New York City Marathon officials said Tuesday they were postponing some media events Wednesday in the wake of a terror attack in Lower Manhattan that left at least eight people dead, but had no plans to alter Sunday’s race.
"With respect to the victims, their families, and our city agency partners, we will be postponing our ceremonial Blue Line Painting and Faces of the Marathon media events originally scheduled for Wednesday,'' the New York Road Runners, the group that hosts the event, said in a statement.
The New York Road Runners said in an earlier statement that it would consider enhancing security for the event, but was confident it had enough security measures in place for participants to run safely.
Runners who planned to participate in the race said the terror attack was not going to deter them from something for which they have trained all year.
Harbert Okuti, a Ugandan runner, told USA Today that he hoped the marathon woukd help takes people's minds off the terror attack.
"It's so sad to see something like this happen in New York City, but we live in an open society and people are capable of anything," he said. "But we have to be strong and not let them prevent us from who we are as human beings.”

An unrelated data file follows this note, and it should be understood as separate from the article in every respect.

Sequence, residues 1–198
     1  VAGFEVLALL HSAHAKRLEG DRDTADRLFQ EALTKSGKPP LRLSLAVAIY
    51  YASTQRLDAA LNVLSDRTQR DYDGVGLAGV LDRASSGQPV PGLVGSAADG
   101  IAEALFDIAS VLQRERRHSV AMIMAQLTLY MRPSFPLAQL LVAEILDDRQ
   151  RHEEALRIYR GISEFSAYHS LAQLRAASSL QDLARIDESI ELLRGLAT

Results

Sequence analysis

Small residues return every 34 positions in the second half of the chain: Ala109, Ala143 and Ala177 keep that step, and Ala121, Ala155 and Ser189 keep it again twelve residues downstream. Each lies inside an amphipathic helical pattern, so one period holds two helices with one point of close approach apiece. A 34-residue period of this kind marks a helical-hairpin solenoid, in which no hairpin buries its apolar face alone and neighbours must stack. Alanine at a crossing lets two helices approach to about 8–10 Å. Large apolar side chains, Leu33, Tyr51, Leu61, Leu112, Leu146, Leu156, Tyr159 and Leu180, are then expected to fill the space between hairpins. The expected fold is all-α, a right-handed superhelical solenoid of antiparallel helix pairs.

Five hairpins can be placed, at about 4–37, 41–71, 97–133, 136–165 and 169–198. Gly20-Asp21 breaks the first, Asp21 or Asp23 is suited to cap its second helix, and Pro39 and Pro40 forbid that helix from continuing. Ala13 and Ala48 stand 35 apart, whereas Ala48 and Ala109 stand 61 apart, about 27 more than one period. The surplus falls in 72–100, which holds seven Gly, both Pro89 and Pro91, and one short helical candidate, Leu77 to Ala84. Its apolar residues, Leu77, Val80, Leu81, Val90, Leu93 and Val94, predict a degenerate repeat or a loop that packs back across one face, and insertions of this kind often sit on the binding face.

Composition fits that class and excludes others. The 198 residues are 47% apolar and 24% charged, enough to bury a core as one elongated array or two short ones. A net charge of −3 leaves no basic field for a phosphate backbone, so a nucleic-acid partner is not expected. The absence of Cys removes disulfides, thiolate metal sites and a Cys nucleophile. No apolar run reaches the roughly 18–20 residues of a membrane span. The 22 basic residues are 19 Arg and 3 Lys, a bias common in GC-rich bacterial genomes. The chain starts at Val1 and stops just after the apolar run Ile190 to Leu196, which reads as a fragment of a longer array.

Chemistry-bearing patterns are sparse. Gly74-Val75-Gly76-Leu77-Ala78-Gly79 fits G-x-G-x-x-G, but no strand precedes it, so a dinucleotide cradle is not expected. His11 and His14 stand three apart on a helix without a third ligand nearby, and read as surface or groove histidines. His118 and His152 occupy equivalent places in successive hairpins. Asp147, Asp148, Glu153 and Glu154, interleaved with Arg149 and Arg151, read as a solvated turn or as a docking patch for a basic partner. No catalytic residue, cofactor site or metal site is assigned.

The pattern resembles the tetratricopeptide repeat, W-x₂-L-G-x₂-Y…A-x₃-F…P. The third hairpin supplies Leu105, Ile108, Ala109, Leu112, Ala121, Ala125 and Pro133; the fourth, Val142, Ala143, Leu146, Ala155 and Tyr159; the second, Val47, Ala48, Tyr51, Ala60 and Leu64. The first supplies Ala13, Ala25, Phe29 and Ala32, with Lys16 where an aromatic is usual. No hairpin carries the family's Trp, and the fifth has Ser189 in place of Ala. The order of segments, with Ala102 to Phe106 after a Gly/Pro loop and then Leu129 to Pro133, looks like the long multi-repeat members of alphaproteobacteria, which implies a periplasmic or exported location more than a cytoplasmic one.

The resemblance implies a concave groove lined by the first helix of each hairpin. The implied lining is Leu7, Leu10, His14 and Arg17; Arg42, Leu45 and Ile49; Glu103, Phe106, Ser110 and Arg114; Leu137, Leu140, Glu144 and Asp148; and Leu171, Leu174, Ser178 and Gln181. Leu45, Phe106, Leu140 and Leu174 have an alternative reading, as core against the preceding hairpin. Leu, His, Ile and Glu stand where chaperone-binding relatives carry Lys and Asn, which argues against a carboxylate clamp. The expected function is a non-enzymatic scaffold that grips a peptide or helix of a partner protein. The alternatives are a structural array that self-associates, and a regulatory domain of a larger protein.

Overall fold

George Gerbacia, from Yonkers, N.Y., told the newspaper said he had a lot of confidence in law enforcement to stop anything from happening.
“They’re trained for this. They know what they’re doing. It's the old cliche, what are we going to do, stop our lives? It's a horrible situation, and I feel for the innocent people slaughtered today. As far as Sunday is concerned, we'll be there,” Gerbacia said.
Some 50,000 runners are expected to enter Sunday’s race, according to ESPN. The event starts on Staten Island and winds through Manhattan from the Queensboro Bridge, miles from Tuesday’s attack.
The New York City Marathon began in 1970. The event was canceled in 2012 in the aftermath of Superstorm Sandy, which displaced many residents of the region and left others without electricity or water for days.